As business owners and leaders, we know about ROI, ROE, EBITDA, SDE, etc. But have you ever spent any waking hours measuring ROIT?

We make plans, build budgets, measure KPIs, and do many other quantitative things to assess business performance yet we seldom ask about the time we spend and the return on THAT! However, time is the one thing that can be the most valuable commodity you manage.

Or does time manage you? There are so many related questions to ask ourselves.

Qualitative Assessment

I mentioned quantitative assessment measures. What about qualitative ones? I’d argue that ROIT is both quantitative and qualitative.

It’s the qualitative aspects of ROIT that give us the right blend and harmony in our search for work/life rhythm.

In my last article, I challenged us to revisit our thoughts about time. I said time is the ONE THING we all share. Each and every one of us is blessed with 86,400 seconds every day. How we choose to use that time makes all the difference in the world.

It’s the key difference between becoming a multi-millionaire or the next entrepreneur barely making it.

Choices about time can pay big dividends. So that brings us back to ROIT.

For all of the time on your calendar, how do you choose the best opportunities to spend time? And to what events, people, or things, do you give time?

Once time gets scheduled, how do evaluate the benefit of having spent that time?

Here are some options

First, decide whether time spent advances any part of your master plan. It’s likely answering those 300 emails at 8:00 AM does NOT!

It has been said (in many ways) that we should focus on working toward our “big rocks” first. Those big things we’re trying to move and make progress against often get set aside because they are big.

We fool ourselves into thinking that clearing away a thousand little things buys us time to do the big things. That mindset is exactly 180 degrees upside down.

Next, a failure to delegate keeps us bound up and distracted. The myth that “I can do it better myself” has kept many good people down. No, Teaching a team to do the little things can free you up for bigger things. Yes, you have to invest some time to do that teaching, but the ROIT will pay off in big ways.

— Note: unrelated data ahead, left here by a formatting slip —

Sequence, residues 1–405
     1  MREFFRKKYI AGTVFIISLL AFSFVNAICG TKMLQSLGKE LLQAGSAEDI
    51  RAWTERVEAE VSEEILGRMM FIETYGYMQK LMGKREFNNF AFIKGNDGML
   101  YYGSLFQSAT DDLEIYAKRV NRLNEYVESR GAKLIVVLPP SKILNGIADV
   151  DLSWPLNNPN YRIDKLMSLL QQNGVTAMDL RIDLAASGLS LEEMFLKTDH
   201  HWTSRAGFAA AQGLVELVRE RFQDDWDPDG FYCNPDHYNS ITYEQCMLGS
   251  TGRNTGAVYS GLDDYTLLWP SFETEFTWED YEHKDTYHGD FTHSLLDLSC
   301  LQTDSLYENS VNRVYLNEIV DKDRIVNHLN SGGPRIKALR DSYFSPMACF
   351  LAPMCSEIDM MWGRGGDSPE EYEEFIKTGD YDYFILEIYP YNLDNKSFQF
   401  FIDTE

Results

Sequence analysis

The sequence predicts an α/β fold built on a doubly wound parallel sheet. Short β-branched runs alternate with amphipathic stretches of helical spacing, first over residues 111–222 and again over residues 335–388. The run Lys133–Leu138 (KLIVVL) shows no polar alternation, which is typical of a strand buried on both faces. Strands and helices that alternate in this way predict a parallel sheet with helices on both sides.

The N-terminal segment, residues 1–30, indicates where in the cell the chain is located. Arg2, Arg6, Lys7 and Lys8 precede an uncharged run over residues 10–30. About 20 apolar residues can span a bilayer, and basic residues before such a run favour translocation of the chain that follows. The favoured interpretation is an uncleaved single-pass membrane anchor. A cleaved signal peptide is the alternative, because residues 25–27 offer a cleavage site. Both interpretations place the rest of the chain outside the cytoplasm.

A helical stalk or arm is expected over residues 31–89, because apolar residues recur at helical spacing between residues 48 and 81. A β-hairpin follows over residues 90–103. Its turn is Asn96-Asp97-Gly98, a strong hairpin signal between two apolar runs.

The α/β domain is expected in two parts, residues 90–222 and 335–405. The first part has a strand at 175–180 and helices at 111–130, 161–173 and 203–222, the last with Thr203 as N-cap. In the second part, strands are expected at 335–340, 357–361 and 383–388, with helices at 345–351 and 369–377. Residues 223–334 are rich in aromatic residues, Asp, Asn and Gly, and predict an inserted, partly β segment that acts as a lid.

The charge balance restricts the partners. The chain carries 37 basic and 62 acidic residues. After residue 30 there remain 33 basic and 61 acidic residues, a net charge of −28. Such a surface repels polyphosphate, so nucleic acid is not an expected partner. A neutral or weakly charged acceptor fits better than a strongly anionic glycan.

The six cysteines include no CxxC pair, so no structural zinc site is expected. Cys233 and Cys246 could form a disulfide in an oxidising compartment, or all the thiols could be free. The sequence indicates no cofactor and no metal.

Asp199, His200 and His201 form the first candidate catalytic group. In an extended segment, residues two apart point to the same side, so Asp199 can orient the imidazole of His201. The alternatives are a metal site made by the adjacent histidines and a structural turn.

Too many founders live in the mindset of “only I know what we’re really trying to do here.” If that’s actually true, SHAME ON YOU! Why have you not shared that with a team? Why hasn’t your crew learned what your idea of success is about?

Lastly, elevate your idea about the real value of your time. If you think too little of the time in your day, no one else will think more of it.

Work to eliminate any kind of limiting belief about how you spend time. Things like ‘it’s no big deal, I can do it tomorrow.’ Reframe everything you ever thought or felt about time in the day.

Time is precious. Value it. Use it wisely.

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Ditch the Emerald City: Why True Leaders Step Out From the Curtain

The Wizard of Oz may have been pulling levers and projecting smoke and mirrors, but that wouldn’t make him a very effective leader. In today’s dynamic world, the “man behind the curtain” approach simply doesn’t work.

True leaders understand that inspiration stems from visibility, trust from approachability, and connection from relatability. Just like Dorothy needed to see the Wizard face-to-face to gain courage, your team needs to experience you as a real, accessible human to truly follow and be motivated.

So, how do you shed the illusion and step out from the shadows? Here are 5 ways to BE more and become a leader your team can truly rally behind:

1. Open the Door: Embrace Transparency and Communication. No more smoke and mirrors! Share information openly and regularly, fostering an environment of trust and shared understanding. Encourage questions, answer honestly, and be upfront about challenges.

2. Walk the Yellow Brick Road: Get Down in the Trenches. Don’t just delegate and observe from afar. Be present with your team, understand their daily struggles and successes, and participate in the trenches alongside them. This builds empathy and shows you’re invested in their journey.